Generative AI Speech Startup ElevenLabs Raises $19M and Releases Deepfake Voice Detector
Synthetic voice AI startup ElevenLabs has raised $19 million in a Series A funding round co-led by Andreessen Horowitz and independent venture capitalists Nat Friedman and Daniel Gross. The year-old generative AI-powered voice startup claims to have signed up more than a million people since launching its platform and raising $2 million in January.
ElevenLabs leverages generative AI voice models to translate text into audio. The startup offers both clones of existing voices and the capacity to design new ones. All of them are built to mimic human emotion, relying on context clues to judge the mood of the piece and automatically adjusting tone and inflection to match. The startup boasts that the voices are all but identical to real humans, with under a second of latency. ElevenLabs has enticed plenty of partners with its ambitions, including audiobook publisher Storytel, digital content host TheSoul Publishing, and game companies Embark Studios and Paradox Interactive.
“Over the last five months, we’ve seen our technology embraced by millions of creators, companies, and curious minds. We are right at the beginning of this journey and now with Nat, Daniel, and Andreessen Horowitz joining, we have the best partners as we continue on the ambitious path forward,” ElevenLabs CEO Mati Staniszewski said.
The duo joining Andreeson in leading the round has clear connections to the world of AI. Friedman is the former GitHub CEO Nat Friedman, while Gross founded the Apple-acquired search engine Cue. Several other big names in tech participated, including a handful of generative AI notables like Deepmind and Inflection co-founder Mustafa Suleyman, Runway co-founder Siqi Chen, Perplexity AI co-founder Aravind Srinivas, and Vercel founder Guillermo Rauch. ElevenLabs already has more features and products in the works that the new money will support. The startup is testing an AI-dubbing tool for translating audio tracks, as well as a long-form text-to-speech platform that it claims will record entire audiobooks in minutes.
Concerns about deepfakes and synthetic media indistinguishable from real people have prompted ElevenLabs to come up with ways to know when people are hearing voices produced by its models. The initial debut of the platform didn’t have many guardrails, leading to a lot of use on 4chan and other forums, very much in violation of the terms and conditions. ElevenLabs clamped down, but the story is cemented as a meme. The new AI Speech Classifier processes audio uploaded by the user and hunts for telltale signs of synthetic media that may be too subtle for humans to hear.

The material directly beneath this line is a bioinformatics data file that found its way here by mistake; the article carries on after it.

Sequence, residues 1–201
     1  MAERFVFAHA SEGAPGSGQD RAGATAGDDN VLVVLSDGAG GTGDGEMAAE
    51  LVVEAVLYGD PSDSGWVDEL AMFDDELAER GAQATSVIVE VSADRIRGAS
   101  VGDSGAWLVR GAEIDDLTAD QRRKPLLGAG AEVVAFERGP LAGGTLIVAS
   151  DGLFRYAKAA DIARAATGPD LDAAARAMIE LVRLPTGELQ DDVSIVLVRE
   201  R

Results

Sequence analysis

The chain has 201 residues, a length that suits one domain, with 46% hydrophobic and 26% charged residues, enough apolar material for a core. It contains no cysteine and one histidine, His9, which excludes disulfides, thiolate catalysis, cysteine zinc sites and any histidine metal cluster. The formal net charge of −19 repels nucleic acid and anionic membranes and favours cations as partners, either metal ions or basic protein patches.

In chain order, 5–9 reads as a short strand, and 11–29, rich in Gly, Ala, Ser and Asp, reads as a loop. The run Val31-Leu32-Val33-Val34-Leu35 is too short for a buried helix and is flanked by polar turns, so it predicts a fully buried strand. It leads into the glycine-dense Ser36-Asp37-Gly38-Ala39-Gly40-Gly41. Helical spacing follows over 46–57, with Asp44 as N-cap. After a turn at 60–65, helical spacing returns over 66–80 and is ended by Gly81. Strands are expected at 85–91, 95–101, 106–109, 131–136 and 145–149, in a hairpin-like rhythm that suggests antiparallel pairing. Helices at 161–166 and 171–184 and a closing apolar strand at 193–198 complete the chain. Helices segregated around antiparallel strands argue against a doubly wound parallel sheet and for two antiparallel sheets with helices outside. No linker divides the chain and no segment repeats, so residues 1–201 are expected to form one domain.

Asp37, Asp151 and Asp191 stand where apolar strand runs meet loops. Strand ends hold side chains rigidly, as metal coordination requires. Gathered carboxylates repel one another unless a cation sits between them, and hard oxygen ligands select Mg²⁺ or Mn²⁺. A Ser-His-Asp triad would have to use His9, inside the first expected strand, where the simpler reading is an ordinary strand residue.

Though the ElevenLabs tool is still in early testing, the idea of a synthetic speech identification tool is rapidly becoming more popular among generative AI developers. Just last week, Meta unveiled a generative AI speech engine named Voicebox. Meta’s experiments and the investment in ElevenLabs are signals that the accelerating synthetic voice market isn’t vanishing any time soon. The list of AI-generated voices for songs and singers, fake podcast episodes, parody commercials, and even romantic partners only gets longer.
Like ElevenLabs, Meta built its own generative AI audio detective to spot the use of its models. Meanwhile, Resemble AI has designed an audio watermark that could be inserted into any deepfake audio. ElevenLabs is very bullish about the AI Speech Classifier, but a voluntary API is not necessarily going to appease those worried about identity theft. That’s before even touching the issues raised by voice actors and other audio-based performers.
“Our mission is to be the ultimate tool for storytelling, dissolving language barriers and putting all audiences in the reach of all content creators in a safe and responsible way,” Staniszewski said. “With an incredible, growing team and these exceptional investors, ElevenLabs is now ever closer to realizing its long-term goal of making all content universally accessible in any language and in any voice.”